June Hall McCash is the author, co-author, or editor of fourteen books (five historical novels, eight nonfiction works, and one book of poetry) as well as numerous articles. She has one more book about to be published by Mercer University Press. It’s called The Truth Keepers and is a sequel to Marguerite’s Landing. A third book in the series (as yet untitled) is in progress.
Her most recent award is first-place in the Chaucer Awards for Early Historical Fiction for her most recent novel Eleanor’s Daughter: A Novel of Marie de Champagne. Her novel, Plum Orchard, won the Georgia Author of the Year Award for best novel in 2013. Her first novel, Almost to Eden, also won the Georgia Author of the Year Award for first novel in 2011. She is the recipient of eight other literary awards for fiction, poetry, and non-fiction. She has spoken to many book clubs, as well as historical, museum, library, , and university groups throughout the South, as well as in Connecticut, New York, Wisconsin, Massachusetts, Michigan, Texas, and abroad in France, England, Ireland, Wales, Holland, Switzerland, Italy, and Canada. She has appeared in four film documentaries and on ABC’s “Good Morning America.”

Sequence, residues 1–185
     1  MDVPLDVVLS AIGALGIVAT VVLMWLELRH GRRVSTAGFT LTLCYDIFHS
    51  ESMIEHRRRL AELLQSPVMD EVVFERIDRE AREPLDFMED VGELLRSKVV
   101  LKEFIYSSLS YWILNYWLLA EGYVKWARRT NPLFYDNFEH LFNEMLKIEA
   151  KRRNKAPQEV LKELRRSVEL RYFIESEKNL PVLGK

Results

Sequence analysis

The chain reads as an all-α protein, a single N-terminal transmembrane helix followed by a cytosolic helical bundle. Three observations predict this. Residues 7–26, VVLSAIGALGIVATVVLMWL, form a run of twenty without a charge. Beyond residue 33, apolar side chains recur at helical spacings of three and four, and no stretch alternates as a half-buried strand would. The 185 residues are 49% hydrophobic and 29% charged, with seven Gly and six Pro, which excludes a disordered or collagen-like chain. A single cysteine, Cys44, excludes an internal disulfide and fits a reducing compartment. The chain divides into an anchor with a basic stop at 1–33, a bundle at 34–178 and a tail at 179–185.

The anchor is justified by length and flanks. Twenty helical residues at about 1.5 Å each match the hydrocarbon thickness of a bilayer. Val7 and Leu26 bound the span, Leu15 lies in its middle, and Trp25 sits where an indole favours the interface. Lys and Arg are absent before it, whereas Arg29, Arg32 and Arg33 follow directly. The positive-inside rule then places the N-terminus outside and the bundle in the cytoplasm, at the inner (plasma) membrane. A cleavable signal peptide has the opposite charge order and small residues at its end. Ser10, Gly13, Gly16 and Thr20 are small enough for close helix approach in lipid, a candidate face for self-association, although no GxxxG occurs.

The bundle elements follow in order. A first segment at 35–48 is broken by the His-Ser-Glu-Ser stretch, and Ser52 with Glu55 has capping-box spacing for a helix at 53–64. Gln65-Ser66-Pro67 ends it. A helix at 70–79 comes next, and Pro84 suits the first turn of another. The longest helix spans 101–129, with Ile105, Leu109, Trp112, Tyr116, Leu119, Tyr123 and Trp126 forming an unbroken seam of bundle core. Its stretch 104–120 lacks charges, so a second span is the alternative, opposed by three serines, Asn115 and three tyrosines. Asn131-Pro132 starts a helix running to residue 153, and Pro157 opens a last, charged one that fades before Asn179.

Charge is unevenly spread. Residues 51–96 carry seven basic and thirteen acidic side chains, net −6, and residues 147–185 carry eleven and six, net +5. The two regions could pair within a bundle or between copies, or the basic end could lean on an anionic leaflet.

Her nonfiction books have focused primarily on the history of Jekyll Island, Georgia, and medieval literature. Her novels are set largely on coastal Georgia, with the exception of Eleanor’s Daughter: A Novel of Marie de Champagne, published in November, 2019, which takes place in twelfth-century France, and The Boys of Shiloh, published in December, 2015, set in Civil-War Tennessee.
McCash holds a bachelor’s degree from Agnes Scott College as well as a master’s degree in French and a Ph.D. in comparative literature from Emory University. Before becoming a full-time writer, she enjoyed an academic career at Middle Tennessee State University as a professor of French and humanities. At MTSU she was founding director of the University Honors Program (now Honors College) and chair of the Department of Foreign Languages and Literatures. She was the recipient of MTSU awards for teaching, distinguished research (1996), and career achievement (2003), the latter being the highest award given to one faculty member each year by the MTSU Foundation, She is also the recipient of an outstanding alumna award for distinguished career from Agnes Scott College in 1996.
She has been a fellow of the National Endowment for the Humanities and the American Council of Education. Serving as chair of Humanities Tennessee, she helped to found the Southern Festival of Books. She also served as president of the Southeastern Medieval Association and the International Courtly Literature Society. She has recently completed a nine-year term as a trustee of the Jekyll Island Foundation and currently serves on the Foundation’s advisory board. She has also recently served a three-year term on the board of the Agnes Scott Alumnae Association.